Image of the Month 2012

The Art of Science

Detection of EdU in Nestin+/GFAP+ cells is indicative of neural cell proliferation, which is an esse

Image: Steven Eamegdool - Chan-Ling Lab, Discipline of Anatomy and Histology, The University of Sydney

Neural stem/precursor cells stained for Nestin (Green), an intermediate filament protein expressed in stem cells; GFAP (red), an intermediate filament protein expressed in astrocytes; EdU-Click (orange) (Invitrogen), a thymidine analog for detecting newly synthesised DNA; and DAPI (blue) for nuclei localisation.

Detection of EdU in Nestin+/GFAP+ cells is indicative of neural cell proliferation, which is an essential step in neurogenesis.

In this study, we cultured primary human fetal neural cells in mitogens EGF and FGF in order to generate predominantly neural stem/precursor cells. We can then utilise these cells in downstream differentiation, proliferation, apoptosis assays which would enable us to better understand these processes in disease models such as stroke and multiple sclerosis.


Amyloid Beta plaques occur in close proximity to a cerebral blood vessel and its branches

Amyloid Beta plaques occur in close proximity to a cerebral blood vessel and its branches

Image: Siva Purushothuman - Retinal and Cerebral Neurobiology Group, Discipline of Physiology, The University of Sydney

The prominent feature of plaques (green) in human Alzheimer cortices forming around microvessels, has only been documented in the last decade. Amyloid (green) is also deposited in the vascular walls. The vessel is clearly marked by astroglia (red). Nuclear staining is in blue. Picture taken with the deconvolution microscope at 20x.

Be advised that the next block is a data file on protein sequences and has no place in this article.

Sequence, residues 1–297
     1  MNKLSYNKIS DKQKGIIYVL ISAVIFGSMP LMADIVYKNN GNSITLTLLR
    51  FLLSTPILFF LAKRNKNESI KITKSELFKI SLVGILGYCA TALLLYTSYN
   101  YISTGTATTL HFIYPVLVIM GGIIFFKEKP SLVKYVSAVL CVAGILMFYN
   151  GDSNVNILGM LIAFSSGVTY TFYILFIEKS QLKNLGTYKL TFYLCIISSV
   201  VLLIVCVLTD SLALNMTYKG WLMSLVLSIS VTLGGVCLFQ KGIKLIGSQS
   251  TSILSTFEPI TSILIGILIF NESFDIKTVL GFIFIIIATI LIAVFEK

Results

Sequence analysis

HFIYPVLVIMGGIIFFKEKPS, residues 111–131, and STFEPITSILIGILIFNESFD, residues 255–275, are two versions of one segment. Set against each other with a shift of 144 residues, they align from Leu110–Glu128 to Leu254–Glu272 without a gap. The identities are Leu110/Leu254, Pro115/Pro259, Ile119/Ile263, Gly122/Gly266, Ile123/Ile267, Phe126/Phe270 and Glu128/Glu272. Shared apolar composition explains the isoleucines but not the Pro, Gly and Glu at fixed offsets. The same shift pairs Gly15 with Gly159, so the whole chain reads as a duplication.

October 2012 - Red Green and Blue: Oesophageal localization of Caveolin 1 ICAM-1

Red Green and Blue: Oesophageal localization of Caveolin 1 ICAM-1

Image: Romanthi Madawal - Cell and Reproductive Biology Laboratory, Professor Chris Murphy’s Lab, Discipline of Anatomy and Histology, The University of Sydney

Rat oesophagus stained for Caveolin 1 (green) and ICAM-1 (red). Caveolin 1 and ICAM-1 colocalised to venules but not arteries (only caveolin 1 present). ICAM-1 is also present in squamous stratified epithelium of oesophagus, and Caveolin 1 in underlying muscularis mucosa, and cells of the submucosa.


September 2012 - Escaping Blastocyst

3-D projected image of a blastocyst escaping from its protective outer coating, known as the zona pe

Image: Charmain Green - Developmental Physiology, Dr Margot Day’s Lab, The University of Sydney

3-D projected image of a blastocyst escaping from its protective outer coating, known as the zona pellucida. This hatching process is crucial for implantation and reveals to us the localization of the IGF-1R (green) in the cell-cell junctions, apical membrane and nucleus (also stained with DAPI, blue).


August 2012 - Comet assay: UV-induced DNA damage in skin cells

Comet assay for quantifying UV-induced DNA damage in human keratinocytes.

Image: Clare Gordon-Thompson - Vitamin D, Bone and Skin Lab, Professor Rebecca Mason’s Lab, The University of Sydney

Comet assay for quantifying UV-induced DNA damage in human keratinocytes. Nuclei isolated from keratinocytes were subjected to single cell gel electrophoresis and stained with Sybr Green. DNA strand breaks that migrate in the electrophoretic field are seen as comet tails.